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Panel forecasts 15.5 percent regional growth in 20 years

Monterey Bay Economic Partnership says ‘urban suburbia’ describes the future of San Benito, Santa Cruz and Monterey counties.
BenitoLink's Social Media and Marketing Coordinator Laura Romero listens (center foreground) to the housing panel. Photo by Leslie David.

Organizations from San Benito, Santa Cruz, and Monterey counties gathered at the Embassy Suites in Seaside on Nov. 30 for the fourth annual State of the Region conference hosted by Monterey Bay Economic Partnership (MBEP).

Among the main discussion topics was housing across the three counties. In her introduction, MBEP President Kate Roberts said MBEP forecasts the population in the region to grow 15.5 percent to 898,418 by 2038. In 2017, the population was 777,360.

Roberts added that of this growing population, it was projected that by 2060 14.8 percent of people would be over the age of 75. In 2017, the population of those over 75 was 5.5 percent.

MBEP launched an initiative in 2016 to support an increase in the housing supply in the Monterey Bay region. According to the MBEP website, the Monterey Bay Housing Trust, in partnership with Housing Trust Silicon Valley, provides a loan pool of over $12 million to affordable housing projects.

The conference’s Housing for All panel featured several speakers including moderator and MBEP housing program manager Matt Huerta, Central California Alliance for Health CEO Stephanie Sonnenshine, California Sunshine Development LLC founder Lisa Li, Related California Senior Vice President Meea Kang and Monterey Peninsula Unified School District Superintendent PK Diffenbaugh. The panel discussed ways that different types of housing are being built in our region.

Throughout the discussion, panelists emphasized how the statewide housing trend is turning to infill projects and that the Central Coast and Central Valley would see a lot development in the coming years. Kang used the term “urban suburbia” to describe what neighborhoods in the tri-county region would look like in the future. Adding that transportation would improve and neighborhoods would become more walkable, she said, “As your neighborhoods grow, look at transportation.”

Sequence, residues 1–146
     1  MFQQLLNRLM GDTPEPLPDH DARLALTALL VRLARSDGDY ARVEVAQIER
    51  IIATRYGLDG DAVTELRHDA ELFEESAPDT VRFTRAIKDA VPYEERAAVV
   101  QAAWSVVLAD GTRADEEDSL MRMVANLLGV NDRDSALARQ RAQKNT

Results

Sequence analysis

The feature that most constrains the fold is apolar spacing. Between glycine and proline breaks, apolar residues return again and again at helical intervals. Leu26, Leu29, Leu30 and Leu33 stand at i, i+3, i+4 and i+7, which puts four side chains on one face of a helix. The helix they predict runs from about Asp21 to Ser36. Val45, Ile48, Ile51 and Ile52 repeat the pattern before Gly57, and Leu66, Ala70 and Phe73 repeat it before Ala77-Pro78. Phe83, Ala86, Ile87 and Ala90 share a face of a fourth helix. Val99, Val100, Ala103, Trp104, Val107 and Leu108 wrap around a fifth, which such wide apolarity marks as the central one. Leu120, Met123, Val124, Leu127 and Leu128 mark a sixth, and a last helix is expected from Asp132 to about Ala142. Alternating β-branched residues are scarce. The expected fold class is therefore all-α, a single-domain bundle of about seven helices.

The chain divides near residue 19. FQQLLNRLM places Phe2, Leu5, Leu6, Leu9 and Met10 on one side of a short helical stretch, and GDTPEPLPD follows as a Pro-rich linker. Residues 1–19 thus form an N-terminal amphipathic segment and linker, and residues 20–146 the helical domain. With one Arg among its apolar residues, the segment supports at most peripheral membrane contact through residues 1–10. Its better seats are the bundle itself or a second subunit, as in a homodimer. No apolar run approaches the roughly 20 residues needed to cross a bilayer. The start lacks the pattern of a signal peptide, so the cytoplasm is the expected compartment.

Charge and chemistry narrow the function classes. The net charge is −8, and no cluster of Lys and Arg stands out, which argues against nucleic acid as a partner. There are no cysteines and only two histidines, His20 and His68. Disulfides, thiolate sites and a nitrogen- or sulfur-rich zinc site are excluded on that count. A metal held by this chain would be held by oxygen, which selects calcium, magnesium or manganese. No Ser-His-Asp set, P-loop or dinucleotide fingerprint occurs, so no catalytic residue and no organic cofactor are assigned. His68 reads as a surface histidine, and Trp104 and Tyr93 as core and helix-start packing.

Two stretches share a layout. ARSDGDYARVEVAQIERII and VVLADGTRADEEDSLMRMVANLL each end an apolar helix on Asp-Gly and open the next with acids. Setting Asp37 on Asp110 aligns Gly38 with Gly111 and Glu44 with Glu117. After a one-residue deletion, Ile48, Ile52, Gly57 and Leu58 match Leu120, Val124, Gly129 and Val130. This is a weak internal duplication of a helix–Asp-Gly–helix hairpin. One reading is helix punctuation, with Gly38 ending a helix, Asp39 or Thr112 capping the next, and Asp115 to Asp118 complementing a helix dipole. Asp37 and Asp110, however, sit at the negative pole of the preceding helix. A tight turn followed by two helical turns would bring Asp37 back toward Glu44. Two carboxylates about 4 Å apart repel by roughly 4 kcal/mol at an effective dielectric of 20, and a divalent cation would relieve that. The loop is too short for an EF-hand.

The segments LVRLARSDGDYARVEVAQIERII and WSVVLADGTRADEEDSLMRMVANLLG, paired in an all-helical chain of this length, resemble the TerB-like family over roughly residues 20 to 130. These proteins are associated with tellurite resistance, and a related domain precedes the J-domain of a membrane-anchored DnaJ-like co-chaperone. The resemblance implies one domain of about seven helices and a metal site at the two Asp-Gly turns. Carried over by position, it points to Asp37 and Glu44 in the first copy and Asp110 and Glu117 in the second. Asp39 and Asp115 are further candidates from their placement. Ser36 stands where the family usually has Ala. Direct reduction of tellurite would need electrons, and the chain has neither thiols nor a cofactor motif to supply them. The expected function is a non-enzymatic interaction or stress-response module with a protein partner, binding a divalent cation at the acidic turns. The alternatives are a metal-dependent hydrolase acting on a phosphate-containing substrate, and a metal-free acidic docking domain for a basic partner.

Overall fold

In his keynote presentation, District 11 State Sen. Scott Wiener said changing zoning laws might be a solution.

“When you ban apartment buildings you also ban affordable housing because you don’t have affordable single-family homes,” he said.

Wiener cited AB 2923 as an example, saying that because of changes in zoning laws, affordable housing can be built next to high-traffic transportation hubs.

In late September, Gov. Jerry Brown signed AB 2923 into law, making it easier for developers to build thousands of new homes on properties around the Bay Area owned by Bay Area Rapid Transit (BART).

Wiener later added that while the statewide rent control bill failed to pass in the Nov. 6 election, it was something that could still happen on a local level. He said he will continue to work alongside his fellow senators to implement policies that have some “teeth.”

To learn more about MBEP, which has an office at 3180 Imjin Road, Suite 104B in Marina, go to www.mbep.biz. To view their data insights, click here.

 

 

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About:
Laura Romero (Laura Romero)

Laura Romero is a general assignment reporter for BenitoLink, covering topics like education and city government. Formerly, she worked as an assistant account executive at Pembroke PR in San Francisco, where she assisted with press outreach, event coordination, and social media planning. Her PR skills will be put to use as she helps implement social media strategies and develops an online giving campaign.

Comments

Saying "Let's build apartments" and "Let's have rent control" in the same breath is like me having another big piece of pecan pie and wondering why I'm not losing any weight.

Marty Richman

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